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|Title:||News out of the old: the evolving technological incoherence of the world's largest companies|
|Series/Report no.:||Dinâmia Working Paper|
|Abstract:||Large established companies from a variety of industrial sectors typically show a highly diversified knowledge base. A number of authors have found that this phenomenon can be measured using several technological indicators such as educational data on engineering backgrounds and patent applications (Granstrand and Sjölander, 1990; Patel and Pavitt 1994). The interesting feature of this trend is that companies invest to acquire competence in areas that are unrelated to their production specialisation in the market. However, this paradoxical empirical pattern is more easily observed than explained. Recently, some explanations have been put forward, one of which is that large innovative firms need to internalise many different branches of engineering knowledge in order to cope with uneven rates of development in the components they rely on (Brusoni et al. 2001). This work draws on the insights of the multi-technology corporation literature (e.g. Granstrand et al. 1997) and attempts to complement previous findings with a focus on the dynamic features of technological diversification. The chapter has two main goals: to draw a map of the rate and direction of technological diversification and, on this basis, to nourish a tentative discussion of the forces behind the evolving profile of multi-technology firms. In order to do this we use patent counts and classifications based on the SPRU database for nearly 500 of the world’s largest innovating companies from 1980 to 1996, as ranked by sales revenues. Large companies exhibit significant command of technologies unrelated to the actual making of their principal product lines, i.e., they reveal a degree of technological diversity or ‘incoherence’ as it is labelled throughout this chapter. Having underlined this contemporary stylised fact, we shall be concerned with the existence of broad changes in the rate and direction of technological diversification across and within industries. We find evidence of an emergent reorganization in corporate technological portfolios. Although the extent to which companies patent outside their core technical fields has remained stable, or even decreased slightly, the composition of the in-house technological mix appears to have changed considerably over a period of less than two decades. The technologies attracting the diversification movement in corporate capabilities, as revealed by patents, have increasingly become information & communication technologies (ICT), new materials and drugs & bioengineering. This is not entirely surprising since these technologies are commonly regarded as ‘generic technologies’ or ‘general purpose-technologies’. However, this tendency coincides with a remarkable regularity: for these three technology groups, the growth in patents was consistently higher for non-specialist sectors than for specialist sectors. Taken together, these findings can be interpreted as evidence that ‘new economy’ technology fields have gained weight against ‘older’ technologies, like the chemicals and mechanical fields, within the large established companies of the ‘old economy’. The observed patent regularities raise other issues. In particular, they could provide a useful perspective to an ongoing debate on whether the rise of new technologies has been associated with the substitution of or, on the contrary, complementarity with, older technologies. While there is considerable inter-industry diversity, the pattern of growth in ICT, materials and drugs & bioengineering patent groups seems to suggest that there is room for both stories. What is the meaning of this set of changes? On a macroscopic perspective we suggest these developments can be understood as an expression of an ongoing technological revolution in the neo- Schumpeterian sense of Freeman and Louçã (2001). As this paper has a more detailed perspective, we concentrate on the discussion of the strategic rationale behind the dynamics of diversification in the corporate knowledge base. At this stage we offer two intertwined hypotheses that fit with the observations. The chapter begins by addressing the empirical and conceptual contributions of the literature on technological diversification. Section 3 describes the data set and considers the methodological conditions necessary for a prudent use of patents as indicators of technological capabilities. Section 4 then reports on the analysis of our sample, which constitutes the core of the chapter. Section 5 critically assesses the empirical results, discusses implications for technology management and suggests some unsettled questions for innovation studies. The last section, Section 6, forms the conclusion.|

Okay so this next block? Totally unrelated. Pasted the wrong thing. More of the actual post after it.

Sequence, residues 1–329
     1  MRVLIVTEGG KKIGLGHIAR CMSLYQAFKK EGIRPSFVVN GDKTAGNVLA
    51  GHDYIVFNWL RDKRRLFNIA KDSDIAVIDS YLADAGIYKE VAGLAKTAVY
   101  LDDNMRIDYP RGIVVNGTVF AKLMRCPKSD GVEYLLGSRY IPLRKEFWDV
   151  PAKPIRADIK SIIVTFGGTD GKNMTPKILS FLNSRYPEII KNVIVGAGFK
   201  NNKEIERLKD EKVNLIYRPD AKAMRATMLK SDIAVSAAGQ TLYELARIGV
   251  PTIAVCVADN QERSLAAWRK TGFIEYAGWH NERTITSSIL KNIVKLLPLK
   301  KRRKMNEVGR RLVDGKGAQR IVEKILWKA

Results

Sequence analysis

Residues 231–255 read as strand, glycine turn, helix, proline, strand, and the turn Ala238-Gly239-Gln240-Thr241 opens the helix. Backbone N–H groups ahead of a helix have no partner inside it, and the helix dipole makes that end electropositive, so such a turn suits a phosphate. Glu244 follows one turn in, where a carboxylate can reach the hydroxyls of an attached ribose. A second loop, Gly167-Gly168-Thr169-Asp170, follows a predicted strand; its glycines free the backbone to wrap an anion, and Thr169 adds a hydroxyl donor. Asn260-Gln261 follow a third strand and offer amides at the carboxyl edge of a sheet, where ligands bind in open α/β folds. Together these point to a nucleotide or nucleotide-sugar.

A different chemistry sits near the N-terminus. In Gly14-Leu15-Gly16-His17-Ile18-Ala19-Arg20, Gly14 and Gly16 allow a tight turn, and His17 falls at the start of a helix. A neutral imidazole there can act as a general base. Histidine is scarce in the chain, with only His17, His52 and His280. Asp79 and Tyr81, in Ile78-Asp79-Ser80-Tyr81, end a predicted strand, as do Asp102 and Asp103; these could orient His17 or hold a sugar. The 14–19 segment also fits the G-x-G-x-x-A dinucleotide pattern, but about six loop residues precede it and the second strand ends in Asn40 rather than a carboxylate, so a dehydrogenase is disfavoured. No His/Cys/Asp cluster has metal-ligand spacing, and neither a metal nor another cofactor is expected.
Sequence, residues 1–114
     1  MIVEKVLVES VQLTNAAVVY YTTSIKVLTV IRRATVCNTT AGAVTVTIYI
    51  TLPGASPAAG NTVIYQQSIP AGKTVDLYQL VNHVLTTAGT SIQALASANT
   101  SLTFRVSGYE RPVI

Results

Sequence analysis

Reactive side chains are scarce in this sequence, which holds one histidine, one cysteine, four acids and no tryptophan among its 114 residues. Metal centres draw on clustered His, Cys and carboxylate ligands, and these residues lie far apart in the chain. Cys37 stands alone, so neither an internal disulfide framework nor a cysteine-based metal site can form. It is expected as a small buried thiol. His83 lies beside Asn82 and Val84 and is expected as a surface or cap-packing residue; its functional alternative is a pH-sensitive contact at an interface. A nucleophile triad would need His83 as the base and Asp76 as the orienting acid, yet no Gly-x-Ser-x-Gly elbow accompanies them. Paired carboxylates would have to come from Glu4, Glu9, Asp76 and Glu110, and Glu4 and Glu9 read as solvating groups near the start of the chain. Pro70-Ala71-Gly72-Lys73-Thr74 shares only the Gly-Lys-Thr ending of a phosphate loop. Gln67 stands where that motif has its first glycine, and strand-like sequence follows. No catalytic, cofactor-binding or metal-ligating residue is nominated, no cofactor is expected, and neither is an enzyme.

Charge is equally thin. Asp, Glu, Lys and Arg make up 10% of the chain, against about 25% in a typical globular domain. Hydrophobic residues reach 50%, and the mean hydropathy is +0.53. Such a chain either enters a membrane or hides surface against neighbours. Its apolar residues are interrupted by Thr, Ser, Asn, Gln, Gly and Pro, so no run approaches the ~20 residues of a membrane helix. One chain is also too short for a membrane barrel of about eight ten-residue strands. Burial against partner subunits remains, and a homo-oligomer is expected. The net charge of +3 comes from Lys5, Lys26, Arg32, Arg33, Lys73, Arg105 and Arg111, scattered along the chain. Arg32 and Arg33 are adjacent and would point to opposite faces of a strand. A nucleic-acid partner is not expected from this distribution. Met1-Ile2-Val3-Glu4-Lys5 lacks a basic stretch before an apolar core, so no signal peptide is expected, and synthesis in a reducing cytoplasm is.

|Appears in Collections:||DINÂMIA'CET-WP - Working papers com arbitragem científica|
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